Some people can just snuggle into bed and be out cold for the night. That’s great for them, but many of us struggle with both falling asleep and staying asleep. If you have trouble getting a full night of zzz’s, read on to learn how to sleep better.
Falling asleep has never been an issue for me, but my 3 a.m. wake-ups, fraught with to-do lists, have made me eager to find out how to sleep better. Sure, I can slip off to dreamland no problem, but if my dog snores too loudly, if I get a foot cramp, or if my kid has a bad dream in the middle of the night, that’s it, I’m up for hours. A full night’s sleep is essential to our health and well-being though, and while you might assume that sleep habits are firmly ingrained, there are certainly ways to improve them. So whether your issue is getting to sleep or staying asleep, try these expert-backed methods for solid, sound sleep.
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Stick to a Consistent Sleep/Wake Schedule
We all have busy lives, and it’s often tough to get to bed at the same time every day. Still, having a consistent bedtime and wake-up schedule is the #1 recommendation of Michael J. Breus, PhD, a Los Angeles area sleep specialist and founder of The Sleep Doctor. “It’s critical to keeping your circadian rhythm in sync, and should even be practiced on the weekends,” he explains. This self-regulation is how you get better sleep.
Turn Off the Screens
We’re all addicted to our phones, televisions, and tablets, but if you want to ensure a deeper sleep, you’ve got to shut them all down at least one hour before bedtime. “The blue light stimulates your brain and keeps you alert, so I ask people to try to shut their screens down early,” says Dr. Breus. (Even devices with nighttime settings emit blue light, so you should shut those down early too, he says.) If you must use a device at night, Dr. Breus recommends using blue blocker glasses ($69, Amazon.com).
You know that working out is good for your overall health, but it can also improve your sleep quality as well, particularly if you work out in the morning. (Evening workouts should occur at least four hours before bedtime to give your body time to cool down before you go to sleep, says Dr. Breus). He recommends about 20 minutes of cardio exercise a day, to achieve solid zzz’s that night.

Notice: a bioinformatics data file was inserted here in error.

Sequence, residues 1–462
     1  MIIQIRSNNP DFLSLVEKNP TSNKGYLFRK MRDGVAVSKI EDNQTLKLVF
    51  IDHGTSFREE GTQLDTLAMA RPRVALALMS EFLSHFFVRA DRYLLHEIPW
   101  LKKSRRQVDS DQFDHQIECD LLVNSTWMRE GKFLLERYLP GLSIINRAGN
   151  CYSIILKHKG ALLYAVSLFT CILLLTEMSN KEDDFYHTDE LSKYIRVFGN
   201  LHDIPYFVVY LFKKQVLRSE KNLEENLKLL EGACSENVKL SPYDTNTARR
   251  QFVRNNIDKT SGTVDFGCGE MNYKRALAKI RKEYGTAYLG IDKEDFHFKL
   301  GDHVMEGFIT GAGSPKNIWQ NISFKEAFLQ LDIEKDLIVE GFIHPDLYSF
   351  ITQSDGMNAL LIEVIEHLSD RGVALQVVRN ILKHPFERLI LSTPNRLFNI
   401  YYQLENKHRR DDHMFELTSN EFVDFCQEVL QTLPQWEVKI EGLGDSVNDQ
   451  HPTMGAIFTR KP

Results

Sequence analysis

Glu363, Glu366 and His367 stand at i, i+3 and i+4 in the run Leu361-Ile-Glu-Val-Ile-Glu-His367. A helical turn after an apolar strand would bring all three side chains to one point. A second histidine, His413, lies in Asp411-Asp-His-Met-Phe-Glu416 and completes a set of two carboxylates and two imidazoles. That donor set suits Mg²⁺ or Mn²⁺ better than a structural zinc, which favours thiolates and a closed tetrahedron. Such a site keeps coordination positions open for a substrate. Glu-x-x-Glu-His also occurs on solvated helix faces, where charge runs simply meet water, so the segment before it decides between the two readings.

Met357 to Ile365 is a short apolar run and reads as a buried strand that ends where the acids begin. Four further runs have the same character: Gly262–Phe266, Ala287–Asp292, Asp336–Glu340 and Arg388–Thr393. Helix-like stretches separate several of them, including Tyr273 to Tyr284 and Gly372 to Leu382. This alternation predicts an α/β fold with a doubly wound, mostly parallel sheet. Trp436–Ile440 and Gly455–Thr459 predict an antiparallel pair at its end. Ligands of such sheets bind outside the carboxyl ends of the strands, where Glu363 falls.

Don't Take Naps
Sleep cycles are truly cycles. If you get a bad night’s sleep, you may be tired the next day, and decide to squeeze in a nap to take the edge off. Unfortunately though, that short snooze can make it harder to fall asleep later, and can give you insomnia. Your best bet is to power through the urge to doze, and maybe just go to bed a little earlier.
Cover Your Clocks
If you often wake up in the middle of the night, you know that digital clock can taunt you. When you see that it’s 4:30 a.m., you immediately start doing the mental math, stressing about how many hours there are left to get some sleep. To sleep better, experts recommend turning it away from view to curb the anxiety that’ll undoubtedly just keep you awake.
Don't Drink Alcohol Before Bed
Sure, a glass or two of wine might give you that soothing, sleepy buzz, but once the effects wear off, you may find yourself awake with sweats, headache or just general discomfort. “Try to stop drinking 3 hours before bed," says Dr. Breus. "That way it is out of your system and won’t affect sleep quality."
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Turn on Some White Noise
Light sleepers, like me, will wake up at the drop of a hat...or the sound of a spouse rolling over. I blame motherhood, which now has my ears perked up throughout the night. Try any kind of soothing background noise, like a fan, to muffle the other sounds. You can even purchase a white noise machine, which experts use to sleep better. Dr. Breus recommends the iHome Zenergy Sleep Therapy Machine (Amazon, $95).